Offer-related arrangements and equality of information: Thirdly, depending on the nature of the scenario in which a company is classified for purposes of the Code, the following additional restrictions may be imposed on it and the parties (including possible offerors) that it is in discussions with or wishes to commence discussions with:
How does PS 31 address the different scenarios?
The table below sets out the requirements and guidance set out in PS 31 with respect to the different sale scenarios identified above.
Companies (board members, controlling shareholders and their advisers) who are considering a strategic review, running an auction process or putting the company up for sale should give due consideration to the guidance issued by the Executive in PS 31. With an increase in public-to-private activity, initiated by PE backed owners and otherwise, running an effective sale process is important and necessitates a real understanding of the dynamics of public offers, the implications and strategic options available under the Code including with respect to outing of bidders, access to information and freedom to enter into offer-related arrangements.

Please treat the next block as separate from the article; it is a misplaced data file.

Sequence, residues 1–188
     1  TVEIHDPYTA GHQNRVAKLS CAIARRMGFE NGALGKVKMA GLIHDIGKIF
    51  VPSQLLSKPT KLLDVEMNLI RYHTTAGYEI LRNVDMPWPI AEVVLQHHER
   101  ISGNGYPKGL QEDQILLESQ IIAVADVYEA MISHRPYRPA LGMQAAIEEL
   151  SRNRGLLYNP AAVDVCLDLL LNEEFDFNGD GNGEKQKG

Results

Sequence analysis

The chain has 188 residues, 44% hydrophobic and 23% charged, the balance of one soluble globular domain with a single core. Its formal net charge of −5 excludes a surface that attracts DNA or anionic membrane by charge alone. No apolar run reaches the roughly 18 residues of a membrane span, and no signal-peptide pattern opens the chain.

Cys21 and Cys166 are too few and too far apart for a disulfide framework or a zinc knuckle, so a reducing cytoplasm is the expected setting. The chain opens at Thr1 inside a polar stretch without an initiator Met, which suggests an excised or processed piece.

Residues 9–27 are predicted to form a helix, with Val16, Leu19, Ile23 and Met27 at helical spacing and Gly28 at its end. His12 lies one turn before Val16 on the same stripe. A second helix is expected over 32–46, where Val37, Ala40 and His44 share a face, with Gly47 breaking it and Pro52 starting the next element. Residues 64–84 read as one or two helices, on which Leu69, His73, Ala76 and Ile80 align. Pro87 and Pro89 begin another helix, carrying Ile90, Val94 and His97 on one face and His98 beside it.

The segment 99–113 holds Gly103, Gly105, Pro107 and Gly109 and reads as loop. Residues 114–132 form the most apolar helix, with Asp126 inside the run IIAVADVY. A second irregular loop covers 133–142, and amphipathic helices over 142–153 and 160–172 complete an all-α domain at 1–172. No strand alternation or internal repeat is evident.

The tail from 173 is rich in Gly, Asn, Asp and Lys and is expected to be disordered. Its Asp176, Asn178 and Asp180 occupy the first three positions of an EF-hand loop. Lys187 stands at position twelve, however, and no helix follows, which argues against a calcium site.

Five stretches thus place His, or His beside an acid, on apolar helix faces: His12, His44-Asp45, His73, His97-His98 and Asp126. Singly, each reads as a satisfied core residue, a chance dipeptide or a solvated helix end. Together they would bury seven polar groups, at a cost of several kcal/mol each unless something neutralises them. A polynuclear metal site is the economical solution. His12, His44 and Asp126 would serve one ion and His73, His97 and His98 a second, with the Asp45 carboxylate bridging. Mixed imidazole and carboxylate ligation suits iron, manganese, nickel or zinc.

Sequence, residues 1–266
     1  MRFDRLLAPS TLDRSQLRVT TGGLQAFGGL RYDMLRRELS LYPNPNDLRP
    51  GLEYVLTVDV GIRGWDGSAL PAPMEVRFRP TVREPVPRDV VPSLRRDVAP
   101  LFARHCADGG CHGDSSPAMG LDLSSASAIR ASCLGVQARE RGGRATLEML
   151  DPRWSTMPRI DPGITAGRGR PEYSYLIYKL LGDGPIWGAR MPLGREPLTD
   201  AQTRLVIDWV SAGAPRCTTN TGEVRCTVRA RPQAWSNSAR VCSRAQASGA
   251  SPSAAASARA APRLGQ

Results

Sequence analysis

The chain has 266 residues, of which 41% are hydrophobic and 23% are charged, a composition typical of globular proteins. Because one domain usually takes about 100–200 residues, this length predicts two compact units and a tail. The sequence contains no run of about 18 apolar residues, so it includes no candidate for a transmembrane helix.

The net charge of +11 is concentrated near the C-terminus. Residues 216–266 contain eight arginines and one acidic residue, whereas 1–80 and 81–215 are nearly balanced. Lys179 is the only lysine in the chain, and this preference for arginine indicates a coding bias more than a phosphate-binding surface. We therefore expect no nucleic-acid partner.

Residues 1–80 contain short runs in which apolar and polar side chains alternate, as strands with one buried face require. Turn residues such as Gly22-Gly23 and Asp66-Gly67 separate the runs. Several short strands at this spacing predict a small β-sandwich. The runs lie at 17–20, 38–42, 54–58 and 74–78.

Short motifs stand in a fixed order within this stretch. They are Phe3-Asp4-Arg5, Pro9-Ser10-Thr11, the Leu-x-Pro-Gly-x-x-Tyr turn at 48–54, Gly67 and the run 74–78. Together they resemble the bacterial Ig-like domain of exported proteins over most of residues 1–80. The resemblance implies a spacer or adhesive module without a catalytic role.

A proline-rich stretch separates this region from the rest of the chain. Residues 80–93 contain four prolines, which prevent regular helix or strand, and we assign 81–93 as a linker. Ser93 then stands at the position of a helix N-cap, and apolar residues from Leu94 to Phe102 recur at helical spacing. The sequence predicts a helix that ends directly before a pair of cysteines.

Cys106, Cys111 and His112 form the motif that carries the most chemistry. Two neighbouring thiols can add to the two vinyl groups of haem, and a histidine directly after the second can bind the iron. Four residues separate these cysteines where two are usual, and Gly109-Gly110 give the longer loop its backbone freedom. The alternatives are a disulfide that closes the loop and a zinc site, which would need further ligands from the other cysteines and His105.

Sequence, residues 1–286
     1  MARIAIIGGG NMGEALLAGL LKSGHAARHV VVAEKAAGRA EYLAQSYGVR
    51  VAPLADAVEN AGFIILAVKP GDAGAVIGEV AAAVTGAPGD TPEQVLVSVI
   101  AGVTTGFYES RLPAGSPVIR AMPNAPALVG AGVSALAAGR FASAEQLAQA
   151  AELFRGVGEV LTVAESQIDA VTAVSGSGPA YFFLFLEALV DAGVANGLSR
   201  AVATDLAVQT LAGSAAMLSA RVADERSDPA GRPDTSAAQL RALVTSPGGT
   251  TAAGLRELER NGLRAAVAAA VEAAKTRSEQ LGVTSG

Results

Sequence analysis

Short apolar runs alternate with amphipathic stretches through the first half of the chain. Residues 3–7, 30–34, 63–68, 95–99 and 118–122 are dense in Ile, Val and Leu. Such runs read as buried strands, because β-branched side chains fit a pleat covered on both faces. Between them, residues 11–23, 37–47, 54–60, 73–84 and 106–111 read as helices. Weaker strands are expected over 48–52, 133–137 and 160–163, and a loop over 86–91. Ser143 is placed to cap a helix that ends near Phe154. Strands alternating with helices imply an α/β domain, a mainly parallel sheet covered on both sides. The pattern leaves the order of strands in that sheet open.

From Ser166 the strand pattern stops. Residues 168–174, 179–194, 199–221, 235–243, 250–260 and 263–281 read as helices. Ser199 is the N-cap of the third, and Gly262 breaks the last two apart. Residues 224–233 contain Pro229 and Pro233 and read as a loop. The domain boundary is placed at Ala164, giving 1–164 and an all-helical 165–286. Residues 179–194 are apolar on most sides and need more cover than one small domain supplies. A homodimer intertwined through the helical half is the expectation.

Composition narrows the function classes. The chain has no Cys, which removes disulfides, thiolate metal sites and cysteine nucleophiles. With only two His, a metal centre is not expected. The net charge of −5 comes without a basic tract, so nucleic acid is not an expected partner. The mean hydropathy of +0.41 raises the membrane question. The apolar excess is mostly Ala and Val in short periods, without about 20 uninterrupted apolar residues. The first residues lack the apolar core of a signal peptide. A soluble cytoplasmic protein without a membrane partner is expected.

When the Code Committee of the Panel introduced the FSP regime in 2011 which was in conjunction with, inter alia, the general prohibition on offer-related arrangements, there was an expectation that this regime would be attractive to target companies undergoing a strategic review, given the greater flexibility/ dispensations available to companies (and bidders) participating in this process. The statistics however have been uninspiring (both in terms of the numbers of FSPs launched and the success in concluding in an offer) until more recently when FSPs have gradually developed increased interest. In H1 2017, 27 firm offer intention announcements for Code companies were announced. Of these seven were FSPs – this included three main market and three AIM listed companies with offer periods commencing with a FSP announcement. In four of the six, the FSPs were part of a wider strategic review and dispensations from ‘outing’ and imposition of the PUSU deadline were sought. With this backdrop of increasing prevalence of strategic reviews and FSPs, companies and their advisers should take particular note of the guidance of the Executive in PS 31.
 Practice Statements are issued by the Executive to provide informal guidance to companies involved in takeovers and practitioners as to how the Executive normally interprets and applies relevant provisions of UK’s City Code on Takeovers and Mergers (Code) in certain circumstances. The statements do not form part of the Code and are not binding on the Executive or the Panel. They have however been relied upon and referred to in cases where evidence of certain Executive practice on particular provisions has been in question.
If you require further information or guidance on these developments, please contact the author of this note, Selina Sagayam (firstname.lastname@example.org), the Gibson Dunn lawyer with whom you normally work, or the following partners in the firm’s London office. We would be pleased to assist you.